Skip to main content

This top home security system could be disabled remotely

Best Business Security System
(Image credit: Andrey Popov / Shutterstock)

A popular home security system can reportedly be disabled, according to cybersecurity researchers.

Researchers at Rapid7 found a pair of vulnerabilities in the Fortress S03 home security system that relies on Wi-Fi to connect cameras, motion sensors and sirens to the internet, to enable owners to remotely monitor their home. 

Rapid7 has shared the details about the two vulnerabilities after it did not hear from Fortress in over three months, which is the standard window of time for security disclosures, followed by the industry. 

TechRadar needs you!

We're looking at how our readers use VPNs with streaming sites like Netflix so we can improve our content and offer better advice. This survey won't take more than 60 seconds of your time, and we'd hugely appreciate if you'd share your experiences with us.

>> Click here to start the survey in a new window <<

According to the timeline shared by Rapid7, it is confident it got through to the company since Fortress silently closed its first support ticket over a week later after it was created.

Anybody home?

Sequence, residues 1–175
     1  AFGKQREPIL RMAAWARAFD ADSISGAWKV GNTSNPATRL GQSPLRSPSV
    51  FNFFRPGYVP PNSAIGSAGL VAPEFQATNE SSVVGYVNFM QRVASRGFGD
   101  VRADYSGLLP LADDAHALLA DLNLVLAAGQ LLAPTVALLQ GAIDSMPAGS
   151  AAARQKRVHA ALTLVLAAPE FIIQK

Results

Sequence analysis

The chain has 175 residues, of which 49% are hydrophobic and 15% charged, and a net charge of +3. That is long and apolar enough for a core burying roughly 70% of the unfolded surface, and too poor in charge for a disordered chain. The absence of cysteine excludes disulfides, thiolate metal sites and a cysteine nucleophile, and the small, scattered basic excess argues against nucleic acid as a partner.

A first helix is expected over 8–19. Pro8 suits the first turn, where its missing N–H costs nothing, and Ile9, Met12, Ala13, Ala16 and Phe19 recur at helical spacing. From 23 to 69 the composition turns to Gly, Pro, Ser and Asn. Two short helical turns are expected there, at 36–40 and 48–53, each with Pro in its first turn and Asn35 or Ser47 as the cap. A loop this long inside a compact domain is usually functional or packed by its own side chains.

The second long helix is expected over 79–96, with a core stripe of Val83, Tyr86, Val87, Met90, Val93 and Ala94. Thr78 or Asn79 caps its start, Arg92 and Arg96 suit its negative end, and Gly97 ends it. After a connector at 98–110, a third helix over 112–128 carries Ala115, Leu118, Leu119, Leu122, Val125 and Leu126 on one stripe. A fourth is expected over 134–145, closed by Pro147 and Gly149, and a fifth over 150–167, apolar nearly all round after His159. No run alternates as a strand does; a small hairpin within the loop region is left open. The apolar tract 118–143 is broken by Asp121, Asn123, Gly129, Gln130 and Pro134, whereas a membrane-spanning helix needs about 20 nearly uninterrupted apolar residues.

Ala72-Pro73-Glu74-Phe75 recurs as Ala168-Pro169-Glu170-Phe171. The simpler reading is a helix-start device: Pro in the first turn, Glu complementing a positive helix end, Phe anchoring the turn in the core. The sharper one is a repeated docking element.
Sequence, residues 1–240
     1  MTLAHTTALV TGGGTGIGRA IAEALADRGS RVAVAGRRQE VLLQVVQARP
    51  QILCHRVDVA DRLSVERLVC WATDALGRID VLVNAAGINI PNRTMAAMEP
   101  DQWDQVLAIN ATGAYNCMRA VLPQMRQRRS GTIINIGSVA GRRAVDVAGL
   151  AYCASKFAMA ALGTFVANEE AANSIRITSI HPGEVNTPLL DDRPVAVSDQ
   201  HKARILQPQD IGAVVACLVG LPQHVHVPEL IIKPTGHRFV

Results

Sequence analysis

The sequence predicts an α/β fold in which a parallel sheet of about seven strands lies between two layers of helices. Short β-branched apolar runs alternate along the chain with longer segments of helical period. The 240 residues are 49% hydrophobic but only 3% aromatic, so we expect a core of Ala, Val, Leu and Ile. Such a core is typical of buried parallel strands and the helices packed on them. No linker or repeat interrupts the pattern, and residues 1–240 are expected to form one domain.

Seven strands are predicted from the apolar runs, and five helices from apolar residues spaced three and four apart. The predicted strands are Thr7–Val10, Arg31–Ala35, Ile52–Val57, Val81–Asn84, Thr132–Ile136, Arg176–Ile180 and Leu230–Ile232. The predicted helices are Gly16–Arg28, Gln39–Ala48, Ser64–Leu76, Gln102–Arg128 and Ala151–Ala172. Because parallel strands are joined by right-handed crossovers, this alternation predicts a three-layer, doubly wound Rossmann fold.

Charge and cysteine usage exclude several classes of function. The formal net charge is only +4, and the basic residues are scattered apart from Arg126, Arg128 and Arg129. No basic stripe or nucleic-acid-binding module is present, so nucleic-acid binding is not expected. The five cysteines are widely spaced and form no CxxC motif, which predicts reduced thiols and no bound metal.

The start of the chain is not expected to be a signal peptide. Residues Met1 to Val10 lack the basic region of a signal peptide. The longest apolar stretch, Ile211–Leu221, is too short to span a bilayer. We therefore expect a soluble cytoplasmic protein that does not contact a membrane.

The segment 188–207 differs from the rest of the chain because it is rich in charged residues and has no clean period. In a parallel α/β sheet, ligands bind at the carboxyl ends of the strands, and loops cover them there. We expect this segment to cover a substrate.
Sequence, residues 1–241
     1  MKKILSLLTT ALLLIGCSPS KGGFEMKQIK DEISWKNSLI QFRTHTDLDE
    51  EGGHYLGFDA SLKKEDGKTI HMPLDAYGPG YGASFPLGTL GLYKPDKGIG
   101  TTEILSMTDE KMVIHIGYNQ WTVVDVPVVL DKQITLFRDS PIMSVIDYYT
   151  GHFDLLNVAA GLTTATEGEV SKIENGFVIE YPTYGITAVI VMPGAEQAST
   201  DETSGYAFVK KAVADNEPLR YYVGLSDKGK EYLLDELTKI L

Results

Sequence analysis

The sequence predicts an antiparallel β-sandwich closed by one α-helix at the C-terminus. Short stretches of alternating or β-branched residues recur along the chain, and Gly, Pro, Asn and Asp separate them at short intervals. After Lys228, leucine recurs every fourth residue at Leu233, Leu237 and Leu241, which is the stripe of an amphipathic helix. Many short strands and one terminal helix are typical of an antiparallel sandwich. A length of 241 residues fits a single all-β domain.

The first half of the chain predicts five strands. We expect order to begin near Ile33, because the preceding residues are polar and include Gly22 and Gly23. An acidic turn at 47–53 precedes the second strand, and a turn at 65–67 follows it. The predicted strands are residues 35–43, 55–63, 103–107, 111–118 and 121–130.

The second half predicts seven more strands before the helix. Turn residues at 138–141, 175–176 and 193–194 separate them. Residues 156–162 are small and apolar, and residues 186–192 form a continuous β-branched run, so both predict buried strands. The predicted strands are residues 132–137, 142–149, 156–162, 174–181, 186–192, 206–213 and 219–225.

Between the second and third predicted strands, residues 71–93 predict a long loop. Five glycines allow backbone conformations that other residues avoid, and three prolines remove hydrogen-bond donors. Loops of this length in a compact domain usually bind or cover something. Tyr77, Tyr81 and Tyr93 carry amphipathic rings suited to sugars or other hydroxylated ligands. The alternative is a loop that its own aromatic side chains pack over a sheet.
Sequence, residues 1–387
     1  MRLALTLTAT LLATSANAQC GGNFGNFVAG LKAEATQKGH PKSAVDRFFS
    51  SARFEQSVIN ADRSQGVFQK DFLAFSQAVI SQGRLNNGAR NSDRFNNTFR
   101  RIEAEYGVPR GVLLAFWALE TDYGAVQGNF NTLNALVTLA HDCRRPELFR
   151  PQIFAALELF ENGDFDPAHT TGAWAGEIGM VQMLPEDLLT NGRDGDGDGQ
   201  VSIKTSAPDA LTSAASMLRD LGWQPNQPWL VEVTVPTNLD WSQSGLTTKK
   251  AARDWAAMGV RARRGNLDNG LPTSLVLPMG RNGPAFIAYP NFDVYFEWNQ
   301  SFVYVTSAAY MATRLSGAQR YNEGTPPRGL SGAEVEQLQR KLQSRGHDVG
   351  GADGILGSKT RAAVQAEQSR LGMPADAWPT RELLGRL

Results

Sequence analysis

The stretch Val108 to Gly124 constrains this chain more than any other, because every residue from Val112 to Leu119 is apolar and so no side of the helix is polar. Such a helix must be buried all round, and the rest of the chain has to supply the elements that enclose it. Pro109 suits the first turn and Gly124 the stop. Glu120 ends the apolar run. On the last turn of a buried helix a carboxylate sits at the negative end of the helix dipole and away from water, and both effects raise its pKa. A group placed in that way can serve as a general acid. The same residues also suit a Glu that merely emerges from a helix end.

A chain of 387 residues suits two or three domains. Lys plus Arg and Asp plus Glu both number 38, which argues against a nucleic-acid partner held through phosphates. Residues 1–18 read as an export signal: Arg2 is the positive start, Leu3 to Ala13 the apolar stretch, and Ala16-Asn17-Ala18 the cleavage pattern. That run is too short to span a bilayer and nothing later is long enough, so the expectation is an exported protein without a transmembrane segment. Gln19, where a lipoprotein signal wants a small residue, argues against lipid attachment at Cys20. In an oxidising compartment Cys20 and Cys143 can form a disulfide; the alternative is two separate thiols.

As per the details shared by Rapid7, it found that the Fortress S03 system relies on a radio-controlled key fob that helps arm and disarm the system. 

Its researchers discovered that signals from the keys were unencrypted and could be intercepted, which enabled them to capture and replay the signals for “arm” and “disarm”.

It found a second vulnerability in Fortress’ unauthenticated API, which can be remotely queried over the internet without the server checking the legitimacy of the request. All it takes is a homeowner’s email address for the server to return the device’s unique IMEI code, which can be used to remotely disarm the system.

Rapid7 claims it brought the issues to Fortress’ knowledge, but the company never returned their messages, even after it raised a new ticket reiterating their intent to publish the details.

While Fortress did not respond to queries from TechCrunch, an email from their law firm labelled Rapid7’s claims as “false, purposely misleading and defamatory,” without adding more details. 

Via TechCrunch

Mayank Sharma

With almost two decades of writing and reporting on Linux, Mayank Sharma would like everyone to think he’s TechRadar Pro’s expert on the topic. Of course, he’s just as interested in other computing topics, particularly cybersecurity, cloud, containers, and coding.